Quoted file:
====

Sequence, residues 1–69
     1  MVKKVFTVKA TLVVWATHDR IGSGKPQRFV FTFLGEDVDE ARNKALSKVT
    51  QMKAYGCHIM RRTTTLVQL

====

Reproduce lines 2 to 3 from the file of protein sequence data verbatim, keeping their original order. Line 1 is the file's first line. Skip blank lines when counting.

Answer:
     1  MVKKVFTVKA TLVVWATHDR IGSGKPQRFV FTFLGEDVDE ARNKALSKVT
    51  QMKAYGCHIM RRTTTLVQL